Representative simulation of gas turbine operation has to be performed by engine manufacturers during engine development programs for a number of reasons, including technical risk mitigation, safety analysis and cycle optimisation.

Minimisation of Specific Fuel Consumption (SFC) is the main challenge faced by the WR-21 engine, an intercooled and recuperated gas turbine which is at the forefront of future naval propulsion systems. Steady state simulation tools need to be developed to accurately predict engine performance under any set of environmental conditions. The methodology used involves an integrated “analysis-synthesis” simulation technique where extensive test data analysis is built into a full thermodynamic model of the engine.

Simulation of the gas turbine behaviour under transient conditions is also required to ensure maximum operability through optimised control, and gas turbine stability under any circumstances. For the WR-21 engine this simulation capability has been developed in both Real Time (RT) and Non-Real Time (NRT) modes. This process is particularly challenging for such an advanced cycle gas turbine where the number of components, and their thermodynamic interaction, is far greater than for a simple cycle prime mover.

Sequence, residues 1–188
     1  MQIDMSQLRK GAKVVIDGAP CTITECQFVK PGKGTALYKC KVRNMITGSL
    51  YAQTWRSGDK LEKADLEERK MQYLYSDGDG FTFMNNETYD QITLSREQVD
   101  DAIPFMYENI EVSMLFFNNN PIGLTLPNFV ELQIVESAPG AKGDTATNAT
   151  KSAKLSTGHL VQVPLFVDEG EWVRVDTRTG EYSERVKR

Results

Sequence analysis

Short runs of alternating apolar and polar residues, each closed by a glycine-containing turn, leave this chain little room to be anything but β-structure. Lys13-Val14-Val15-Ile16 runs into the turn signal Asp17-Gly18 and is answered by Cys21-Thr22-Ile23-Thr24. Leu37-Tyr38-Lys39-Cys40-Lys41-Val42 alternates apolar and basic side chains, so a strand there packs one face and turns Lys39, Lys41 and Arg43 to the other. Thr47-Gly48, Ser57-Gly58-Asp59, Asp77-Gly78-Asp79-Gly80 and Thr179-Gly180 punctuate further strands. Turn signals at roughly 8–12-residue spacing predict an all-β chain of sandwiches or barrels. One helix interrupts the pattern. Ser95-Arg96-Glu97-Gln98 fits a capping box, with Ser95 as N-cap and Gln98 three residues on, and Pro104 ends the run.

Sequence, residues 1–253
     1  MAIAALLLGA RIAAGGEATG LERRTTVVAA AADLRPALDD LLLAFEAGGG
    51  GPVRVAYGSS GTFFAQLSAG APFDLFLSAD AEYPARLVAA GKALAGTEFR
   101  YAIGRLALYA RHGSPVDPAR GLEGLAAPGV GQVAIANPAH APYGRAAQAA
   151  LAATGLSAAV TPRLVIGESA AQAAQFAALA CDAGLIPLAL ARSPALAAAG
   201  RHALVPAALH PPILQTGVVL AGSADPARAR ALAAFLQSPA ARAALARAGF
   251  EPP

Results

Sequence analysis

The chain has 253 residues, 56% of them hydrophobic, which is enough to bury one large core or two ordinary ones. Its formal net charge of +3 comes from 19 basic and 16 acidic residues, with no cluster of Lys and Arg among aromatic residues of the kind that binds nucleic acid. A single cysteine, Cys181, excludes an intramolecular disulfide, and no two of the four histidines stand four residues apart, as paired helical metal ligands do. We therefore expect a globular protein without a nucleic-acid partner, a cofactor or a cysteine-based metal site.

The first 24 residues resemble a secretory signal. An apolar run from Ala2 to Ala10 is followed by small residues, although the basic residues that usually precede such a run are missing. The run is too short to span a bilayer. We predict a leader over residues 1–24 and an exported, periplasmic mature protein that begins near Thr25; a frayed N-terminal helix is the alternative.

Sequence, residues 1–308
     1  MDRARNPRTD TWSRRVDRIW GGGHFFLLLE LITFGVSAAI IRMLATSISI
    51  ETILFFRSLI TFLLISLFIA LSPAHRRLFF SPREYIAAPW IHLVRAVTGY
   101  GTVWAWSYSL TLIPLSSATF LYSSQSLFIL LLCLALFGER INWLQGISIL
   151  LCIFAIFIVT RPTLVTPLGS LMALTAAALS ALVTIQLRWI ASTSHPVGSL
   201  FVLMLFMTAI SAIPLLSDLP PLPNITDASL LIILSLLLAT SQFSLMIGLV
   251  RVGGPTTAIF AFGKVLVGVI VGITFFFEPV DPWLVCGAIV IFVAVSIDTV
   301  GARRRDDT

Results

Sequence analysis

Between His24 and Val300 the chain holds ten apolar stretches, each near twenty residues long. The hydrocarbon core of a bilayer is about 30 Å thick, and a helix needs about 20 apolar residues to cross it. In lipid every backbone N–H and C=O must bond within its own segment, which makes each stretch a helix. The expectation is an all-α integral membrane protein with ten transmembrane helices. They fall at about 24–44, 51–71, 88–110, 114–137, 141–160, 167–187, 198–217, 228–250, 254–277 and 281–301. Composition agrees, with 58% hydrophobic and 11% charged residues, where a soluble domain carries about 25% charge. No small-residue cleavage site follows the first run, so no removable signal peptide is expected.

This paper examines how these challenges have been successfully overcome by the WR-21 project. It describes the tools and techniques that have been developed in the project, and exemplifies their application through demonstration of significant technical achievements.

It also expands on the strategic issue of model flexibility and connectivity, and elaborates on future developments in simulation techniques, that will drive the naval gas turbine industry towards continual process improvement, ever closer to its customers.

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